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RadioShack failure still haunts HRG as two units take losses

🕐 3 min read

NEW YORK — HRG Group Inc., the holding company formerly known as Harbinger Group Inc., is still paying for the collapse of RadioShack Corp. as it seeks to recover from losses on loans two units made to the retailer before its bankruptcy filing.

Fidelity & Guaranty Life said Wednesday that its participation in a $250 million loan to RadioShack arranged by HRG-owned Salus Capital Partners contributed to a $32 million impairment charge that wiped out its first-quarter profit. Harbinger bought FGL in 2011 under former Chairman Philip Falcone, then sold a stake of about 19 percent in an initial public offering in 2013.

HRG said in a statement it’s considering the sale of the remaining stake. It’s also reviewing options for Salus that include a sale of the firm after the lender suffered losses linked to the RadioShack loan, four people familiar with the matter said last month.

The holding company’s shake-up stems from risks it took by branching into investments in distressed companies to boost returns.

HRG reported a loss of $1.16 a share in the quarter ended March 31, compared with a loss of 63 cents in the year-earlier period, according to a regulatory filing Friday. Revenue increased 2.3 percent to $1.37 billion.

The holding company took a loss of $105 million on the RadioShack loan of the $150 million Salus and Fidelity invested in 2013, the company said.

Falcone was banned by New York State from running FGL for seven years starting in 2013 because he improperly used money from his hedge funds to pay personal taxes. Last year, he stepped down from what was then Harbinger when its largest shareholder, Leucadia National Corp., raised its stake to 23 percent.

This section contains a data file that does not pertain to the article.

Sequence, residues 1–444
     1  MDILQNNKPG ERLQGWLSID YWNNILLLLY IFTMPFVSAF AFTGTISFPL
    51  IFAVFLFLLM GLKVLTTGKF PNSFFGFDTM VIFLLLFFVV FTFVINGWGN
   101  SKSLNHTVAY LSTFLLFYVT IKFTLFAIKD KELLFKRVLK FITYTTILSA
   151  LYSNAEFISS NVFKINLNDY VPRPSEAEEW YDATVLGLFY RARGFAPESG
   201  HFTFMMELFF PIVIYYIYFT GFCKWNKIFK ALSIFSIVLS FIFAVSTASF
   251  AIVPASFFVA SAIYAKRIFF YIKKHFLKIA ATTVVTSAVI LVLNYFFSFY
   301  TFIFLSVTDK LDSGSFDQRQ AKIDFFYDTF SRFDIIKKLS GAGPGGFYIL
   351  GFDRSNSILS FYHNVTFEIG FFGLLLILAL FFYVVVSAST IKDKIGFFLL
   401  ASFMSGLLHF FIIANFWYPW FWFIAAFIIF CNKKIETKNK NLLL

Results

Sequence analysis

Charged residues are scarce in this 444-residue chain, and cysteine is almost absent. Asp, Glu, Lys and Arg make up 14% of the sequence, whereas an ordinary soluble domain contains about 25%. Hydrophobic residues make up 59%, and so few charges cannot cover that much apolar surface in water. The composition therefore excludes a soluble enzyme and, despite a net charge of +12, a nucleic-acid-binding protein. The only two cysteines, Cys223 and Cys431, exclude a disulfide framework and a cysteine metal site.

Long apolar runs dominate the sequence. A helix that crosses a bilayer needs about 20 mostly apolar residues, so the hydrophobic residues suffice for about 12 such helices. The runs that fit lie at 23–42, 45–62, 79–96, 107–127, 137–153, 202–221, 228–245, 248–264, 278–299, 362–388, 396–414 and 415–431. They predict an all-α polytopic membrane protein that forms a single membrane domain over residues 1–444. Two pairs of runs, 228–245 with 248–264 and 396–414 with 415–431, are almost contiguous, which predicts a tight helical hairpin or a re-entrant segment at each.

Until RadioShack, most of Salus’s average loans were in increments of $30 million or less, according to its website.

“It’s troubling that firms like HRG and some private- equity funds are buying insurance companies and get them to invest in high-return assets,” said Erik Gordon, a professor at the University of Michigan’s Ross School of Business. “It’s a question worth asking whether that’s the right thing to do by insurance firms that are supposed to take limited risks to pay their clients.”

Falcone and James Hart, a spokesman for HRG, declined to comment. Phil Denning, a spokesman at Integrated Corporate Relations for Salus Capital, and Lisa Foxworthy-Parker, a spokeswoman at Fidelity, didn’t respond to messages seeking comment.

New York is keeping an eye on investment firms that buy into insurers. Benjamin Lawsky, superintendent of the state’s Department of Financial Services, required Apollo Global Management and Guggenheim Partners to meet heightened capital standards on purchases in 2013.

HRG, whose major shareholders include Fortress Investment Group LLC, with a 16 percent stake, owns businesses from consumer products maker Spectrum Brands Holdings to oil-and-gas operator Compass Production GP.

HRG shares have fallen 13 percent this year. FGL is down 13 percent, while the Standard & Poor’s 500 index has gained 2.6 percent.

FGL’s exposure to RadioShack came through three main investments, Dennis Vigneau, chief financial officer of Fidelity, said Thursday on a conference call. They comprise a $50 million participation in the loan to the retailer, a $63 million ownership of a collateralized loan obligation managed by Salus and a $33 million investment through a reinsurance entity.

The gross impairments were $81 million, and included the loan’s fair value decreasing to $15 million and the CLO tumbling to $38 million.

“When this company came public, certain investors were concerned about some of the relationships between FGL and other Harbinger companies,” Sean Dargan, an analyst at Macquarie Group Ltd, said by telephone. “I wouldn’t mind to see there being less of a relationship between Salus and FGL going forward.”

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